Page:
India slipped one spot in the recent rankings published by the Access Info Europe and the Centre for Law and Democracy on the performance of countries with functional right to information law. As per the latest ranking, India is placed at 6th position out of the 123 countries in the list.
The ratings look at how RTI laws function across countries that have introduced such a law. The list uses a 150-point scale to indicate the strengths and weaknesses of freedom of information laws around the world. The score is based on 61 indicators categorised under seven heads – right to access, scope, requesting procedure, exceptions and refusals, appeals, sanctions and protections, promotional measures.
The global ratings, which started in 2011, have usually had India giving a good show: number two in 2011, 2012 and 2013. It thereafter slipped down the following year, and has now fell to number six, behind Sri Lanka, Mexico and Afghanistan, which came first this year.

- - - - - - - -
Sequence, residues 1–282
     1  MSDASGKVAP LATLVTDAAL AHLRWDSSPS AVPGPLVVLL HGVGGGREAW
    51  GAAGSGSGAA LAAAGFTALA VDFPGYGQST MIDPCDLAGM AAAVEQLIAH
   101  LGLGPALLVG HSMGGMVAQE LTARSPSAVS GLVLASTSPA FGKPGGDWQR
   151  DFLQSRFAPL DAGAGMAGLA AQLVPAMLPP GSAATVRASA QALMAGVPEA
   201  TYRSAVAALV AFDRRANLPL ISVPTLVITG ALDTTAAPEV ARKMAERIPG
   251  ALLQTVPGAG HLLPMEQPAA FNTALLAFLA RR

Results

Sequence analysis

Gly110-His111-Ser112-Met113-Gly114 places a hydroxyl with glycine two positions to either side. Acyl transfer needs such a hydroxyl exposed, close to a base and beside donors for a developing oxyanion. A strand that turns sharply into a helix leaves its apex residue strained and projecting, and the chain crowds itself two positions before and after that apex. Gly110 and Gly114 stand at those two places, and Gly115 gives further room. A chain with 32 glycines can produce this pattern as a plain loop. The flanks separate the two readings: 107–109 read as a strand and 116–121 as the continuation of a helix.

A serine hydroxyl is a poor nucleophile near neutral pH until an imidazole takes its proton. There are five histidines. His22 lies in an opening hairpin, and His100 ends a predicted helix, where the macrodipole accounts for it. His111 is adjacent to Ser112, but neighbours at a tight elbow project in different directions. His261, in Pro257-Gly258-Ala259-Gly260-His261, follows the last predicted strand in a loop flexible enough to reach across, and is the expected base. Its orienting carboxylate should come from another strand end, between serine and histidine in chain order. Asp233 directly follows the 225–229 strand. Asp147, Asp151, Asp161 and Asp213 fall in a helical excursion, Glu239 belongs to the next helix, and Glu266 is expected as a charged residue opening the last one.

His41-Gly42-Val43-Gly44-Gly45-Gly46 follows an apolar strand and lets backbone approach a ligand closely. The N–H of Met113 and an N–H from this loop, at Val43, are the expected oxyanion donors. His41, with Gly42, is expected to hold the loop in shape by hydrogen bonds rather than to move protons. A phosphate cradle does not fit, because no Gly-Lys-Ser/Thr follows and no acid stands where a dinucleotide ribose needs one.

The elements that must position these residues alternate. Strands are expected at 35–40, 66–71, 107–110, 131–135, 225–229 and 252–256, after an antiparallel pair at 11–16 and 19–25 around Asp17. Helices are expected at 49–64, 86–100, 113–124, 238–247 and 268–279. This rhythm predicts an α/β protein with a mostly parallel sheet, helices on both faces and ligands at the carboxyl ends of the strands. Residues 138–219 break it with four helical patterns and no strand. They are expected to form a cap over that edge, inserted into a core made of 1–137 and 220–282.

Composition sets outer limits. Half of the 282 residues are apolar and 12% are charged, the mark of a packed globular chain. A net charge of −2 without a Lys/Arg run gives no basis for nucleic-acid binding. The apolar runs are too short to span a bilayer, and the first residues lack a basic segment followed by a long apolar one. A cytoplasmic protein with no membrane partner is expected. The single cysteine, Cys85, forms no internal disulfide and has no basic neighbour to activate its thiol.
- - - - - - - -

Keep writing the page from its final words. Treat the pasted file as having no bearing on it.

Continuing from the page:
Survey stated that increasing vacancy in multiple state information commissions including the central information commission (CIC) was the major reason behind India's poor show this year. Over 30 per cent, or 48 out of 156 total posts are vacant across the state information commissions (SICs) and the CIC. Only 12 states have filled all posts – of state chief information commissioners and information commissioners – in their commission, leading to no vacancy.
Despite a push for digitisation by the government, most states are yet to make RTI accessible online. For instance, only 11 – out of a total of 29 states – have provisions for online appeals/complaints. Chhattisgarh is the only state that has updated annual reports online from 2005-2017. Also, only 10 (out of total 29) have updated their annual reports.
While the government has maintained that “frivolous” RTIs add to the burden of government employees – CIC too has come down hard on some RTI applicants—the fact is that most RTIs filed are by common people to access basic information, says Jha. “Data reveals majority of the applications are not filed by activists but ordinary citizens, on having been denied legitimate rights and entitlements, hence RTI Act by and large also serves as an alternative grievance redressal mechanism.”